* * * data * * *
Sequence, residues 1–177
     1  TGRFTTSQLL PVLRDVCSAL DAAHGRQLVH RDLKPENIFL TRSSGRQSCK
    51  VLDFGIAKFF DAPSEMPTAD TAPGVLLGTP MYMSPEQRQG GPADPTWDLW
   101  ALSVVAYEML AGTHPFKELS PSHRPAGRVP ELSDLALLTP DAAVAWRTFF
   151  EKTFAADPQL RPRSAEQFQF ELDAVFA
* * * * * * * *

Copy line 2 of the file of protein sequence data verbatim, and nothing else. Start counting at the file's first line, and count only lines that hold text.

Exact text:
     1  TGRFTTSQLL PVLRDVCSAL DAAHGRQLVH RDLKPENIFL TRSSGRQSCK